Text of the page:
And it was wearing off hard.
A man in a suit stood facing him. Facing them. The rest of our crew—Lo, Timo, JJ—had bottles or blades, but they all seemed wary. Odd, since it was only the one guy. But he wore an expensive Paradise suit, custom-tailored, and I made out the telltale bulge of concealed weapons under the fabric.
One knife too, and maybe a second shoulder holster. This is not good. What was he doing here? He wasn’t slumming it. He hadn’t just stumbled on us, either.
The stranger had deep-set eyes, a prominent brow, and jaw that could crack open a beer. Not a handsome face but a strong one, fearless even. He half turned at my quiet approach. His smile chilled my blood.
“Ah,” he said. “There you are. I’ve been waiting.”
I put the booze and food down; no sense in having it get in the way. As I did, I let the folded knife drop from my sleeve into my palm. Not open yet. I didn’t want him expecting it. “You don’t know me.”
“Zara Cole. You made a mistake today.” The gentle tone contrasted completely with the promise of violence in the man’s flexing hands. “Your last, gutter rat. Where’s the box?”
He took a step toward me.
I didn’t back off. I’d learned fear made you weak if you paid mind to it. But he’d said the box, not the purse. And I was thinking about the broken metal case I’d hidden in the alley, and the shimmering chem in my pocket.
“Get away from her,” Derry growled.
He might as well have been talking to the wind for all the attention the suit gave him. “Do you know what you did wrong?” the man asked me softly.
“It’s a long list,” I said.
The man laughed. “Did you think we wouldn’t come looking? It was easy to ID you. Witnesses tend to be cooperative when you mention Torian Deluca’s daughter.”
Even I’d heard of the legendary Deluca. In the rush to rebuild on the ruins of Old Detroit, he’d come up hungry and ruthless. He’d made billions from strong-arm deals, but these days, he was a legit businessman with a lingering reputation for cruelty. People said he was rich and crazy, but never within the big man’s earshot.
And I robbed his daughter.
I should have known that strutting bitch had never felt afraid a day in her life—for good reason. Daddy’s rep was an invisible shield. But this? It still seemed like an overreaction.
“Yeah? Better call the cops,” I said, and squared my shoulders. Finger on the switch to open the knife.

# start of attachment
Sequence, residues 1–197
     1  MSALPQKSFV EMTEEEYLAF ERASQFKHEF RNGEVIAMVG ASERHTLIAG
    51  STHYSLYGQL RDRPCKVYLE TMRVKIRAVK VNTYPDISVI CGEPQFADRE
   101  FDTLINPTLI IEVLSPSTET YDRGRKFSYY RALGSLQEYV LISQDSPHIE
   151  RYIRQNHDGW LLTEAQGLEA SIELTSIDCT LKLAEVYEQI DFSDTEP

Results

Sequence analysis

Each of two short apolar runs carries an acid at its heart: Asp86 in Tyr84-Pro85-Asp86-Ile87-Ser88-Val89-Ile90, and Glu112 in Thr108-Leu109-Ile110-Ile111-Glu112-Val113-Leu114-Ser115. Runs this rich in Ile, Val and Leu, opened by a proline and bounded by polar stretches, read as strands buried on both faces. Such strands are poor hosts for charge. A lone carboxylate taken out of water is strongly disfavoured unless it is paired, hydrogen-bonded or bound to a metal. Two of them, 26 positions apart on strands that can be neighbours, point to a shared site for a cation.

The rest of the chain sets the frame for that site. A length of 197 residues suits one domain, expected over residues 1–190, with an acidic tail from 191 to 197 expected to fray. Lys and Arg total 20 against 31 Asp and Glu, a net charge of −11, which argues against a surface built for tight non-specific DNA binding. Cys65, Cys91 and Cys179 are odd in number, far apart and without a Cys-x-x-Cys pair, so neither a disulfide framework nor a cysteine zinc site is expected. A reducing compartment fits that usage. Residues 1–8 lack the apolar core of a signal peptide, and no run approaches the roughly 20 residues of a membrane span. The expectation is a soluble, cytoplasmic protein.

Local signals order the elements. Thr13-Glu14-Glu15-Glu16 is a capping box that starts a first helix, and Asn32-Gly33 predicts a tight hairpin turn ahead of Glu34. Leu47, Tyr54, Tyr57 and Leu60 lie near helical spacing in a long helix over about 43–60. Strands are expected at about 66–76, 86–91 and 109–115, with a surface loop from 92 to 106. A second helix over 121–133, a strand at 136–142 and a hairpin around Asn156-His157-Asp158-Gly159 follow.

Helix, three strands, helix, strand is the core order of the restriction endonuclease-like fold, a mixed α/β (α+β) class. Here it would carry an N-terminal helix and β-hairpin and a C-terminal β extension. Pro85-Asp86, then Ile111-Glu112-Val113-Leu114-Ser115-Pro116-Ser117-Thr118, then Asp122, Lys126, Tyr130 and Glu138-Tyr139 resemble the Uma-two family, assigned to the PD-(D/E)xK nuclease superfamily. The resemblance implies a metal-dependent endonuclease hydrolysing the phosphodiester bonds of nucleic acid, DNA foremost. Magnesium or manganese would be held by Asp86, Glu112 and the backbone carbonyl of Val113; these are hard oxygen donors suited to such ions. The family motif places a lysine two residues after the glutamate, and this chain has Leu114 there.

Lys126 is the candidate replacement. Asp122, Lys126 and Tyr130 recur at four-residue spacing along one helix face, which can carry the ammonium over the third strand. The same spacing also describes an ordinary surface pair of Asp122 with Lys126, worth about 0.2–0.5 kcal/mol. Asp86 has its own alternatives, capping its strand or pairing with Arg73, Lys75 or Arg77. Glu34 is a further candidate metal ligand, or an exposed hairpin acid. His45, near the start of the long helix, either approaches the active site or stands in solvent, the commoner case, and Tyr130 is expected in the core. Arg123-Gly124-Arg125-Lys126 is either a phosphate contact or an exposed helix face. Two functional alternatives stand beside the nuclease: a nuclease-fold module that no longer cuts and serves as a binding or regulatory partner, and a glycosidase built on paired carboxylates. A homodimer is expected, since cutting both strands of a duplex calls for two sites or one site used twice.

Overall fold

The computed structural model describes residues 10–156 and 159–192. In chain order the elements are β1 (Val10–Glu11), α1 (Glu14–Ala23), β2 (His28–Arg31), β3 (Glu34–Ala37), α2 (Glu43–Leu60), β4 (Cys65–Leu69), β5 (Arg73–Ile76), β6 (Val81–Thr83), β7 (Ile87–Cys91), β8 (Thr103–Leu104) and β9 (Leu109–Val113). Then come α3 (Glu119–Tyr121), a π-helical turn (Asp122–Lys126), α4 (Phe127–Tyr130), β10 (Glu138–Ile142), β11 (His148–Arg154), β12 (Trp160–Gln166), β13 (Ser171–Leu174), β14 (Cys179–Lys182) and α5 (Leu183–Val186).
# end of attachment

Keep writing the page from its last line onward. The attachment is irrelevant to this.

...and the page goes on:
“Mr. Deluca prefers private justice.”
That didn’t sound so good. I pictured myself tied to a chair, beaten to a pulp. Days later he’d hide my corpse in the foundation of some real estate development. My ass. I’m not going out like that.
It’s five against one. We can fight it out.
This ugly suit was reading my mind, because he smiled even wider and drew his gun. “Drop the knife.”
“Run!” I shouted, and took my own advice, but I wasn’t fast enough.
Deluca’s strongman ignored the rest of the crew as they scattered and was on me before I took three steps. He twisted my arm behind my back, and I went with it, rolling my shoulder so it popped out of the socket. This wasn’t the first time I’d used that trick, and the flash of pain didn’t slow me down. I kicked hard at his knee but couldn’t get the right angle, so my foot raked down his shin. Painful, but he didn’t seem to care.
The guy laughed, digging his fingers with intent to bruise. “I guess you already know how this turns out.”
From behind him, Derry said, “Yeah? You don’t.” He slammed the board upside the guy’s head, hard enough to stun. His face was set like one of the Paradise statues.
The suit let go of me, and I lurched forward, tumbling into a rubbish heap a few meters away. Glass broke my fall and sliced into the skin above my elbow. The stink of rotten food mingled with the coppery tang of my blood. As I stumbled to my feet, the thug charged, and at the last second, I used the wet garbage to skid aside, narrowly avoiding a hit that would’ve dropped me. Rebounding on the wall, I kicked off to a better defensive position while the goon rounded on me.
Derry booted him toward me as I searched for something—anything—to use as a weapon. There was a pile of broken pipes nearby, so I grabbed one and swung for the fences. The impact toppled him sideways and he landed hard on a metal cylinder that speared right through his fine suit. He coughed, tried to breathe, flailed . . . and went still.